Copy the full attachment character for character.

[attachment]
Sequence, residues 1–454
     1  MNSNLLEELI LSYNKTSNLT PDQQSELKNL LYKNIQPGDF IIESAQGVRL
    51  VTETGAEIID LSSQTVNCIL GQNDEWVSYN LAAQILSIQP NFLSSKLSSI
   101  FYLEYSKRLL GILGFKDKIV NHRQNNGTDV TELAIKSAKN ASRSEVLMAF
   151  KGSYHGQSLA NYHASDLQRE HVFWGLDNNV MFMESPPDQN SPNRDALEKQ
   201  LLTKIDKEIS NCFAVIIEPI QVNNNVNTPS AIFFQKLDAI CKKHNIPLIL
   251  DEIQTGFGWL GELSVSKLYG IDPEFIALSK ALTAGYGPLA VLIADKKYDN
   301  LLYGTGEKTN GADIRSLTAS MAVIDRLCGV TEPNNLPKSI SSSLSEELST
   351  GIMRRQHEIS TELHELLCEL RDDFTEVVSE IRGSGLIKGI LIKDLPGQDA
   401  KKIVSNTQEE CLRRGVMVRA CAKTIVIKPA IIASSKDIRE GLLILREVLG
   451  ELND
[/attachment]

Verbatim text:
Sequence, residues 1–454
     1  MNSNLLEELI LSYNKTSNLT PDQQSELKNL LYKNIQPGDF IIESAQGVRL
    51  VTETGAEIID LSSQTVNCIL GQNDEWVSYN LAAQILSIQP NFLSSKLSSI
   101  FYLEYSKRLL GILGFKDKIV NHRQNNGTDV TELAIKSAKN ASRSEVLMAF
   151  KGSYHGQSLA NYHASDLQRE HVFWGLDNNV MFMESPPDQN SPNRDALEKQ
   201  LLTKIDKEIS NCFAVIIEPI QVNNNVNTPS AIFFQKLDAI CKKHNIPLIL
   251  DEIQTGFGWL GELSVSKLYG IDPEFIALSK ALTAGYGPLA VLIADKKYDN
   301  LLYGTGEKTN GADIRSLTAS MAVIDRLCGV TEPNNLPKSI SSSLSEELST
   351  GIMRRQHEIS TELHELLCEL RDDFTEVVSE IRGSGLIKGI LIKDLPGQDA
   401  KKIVSNTQEE CLRRGVMVRA CAKTIVIKPA IIASSKDIRE GLLILREVLG
   451  ELND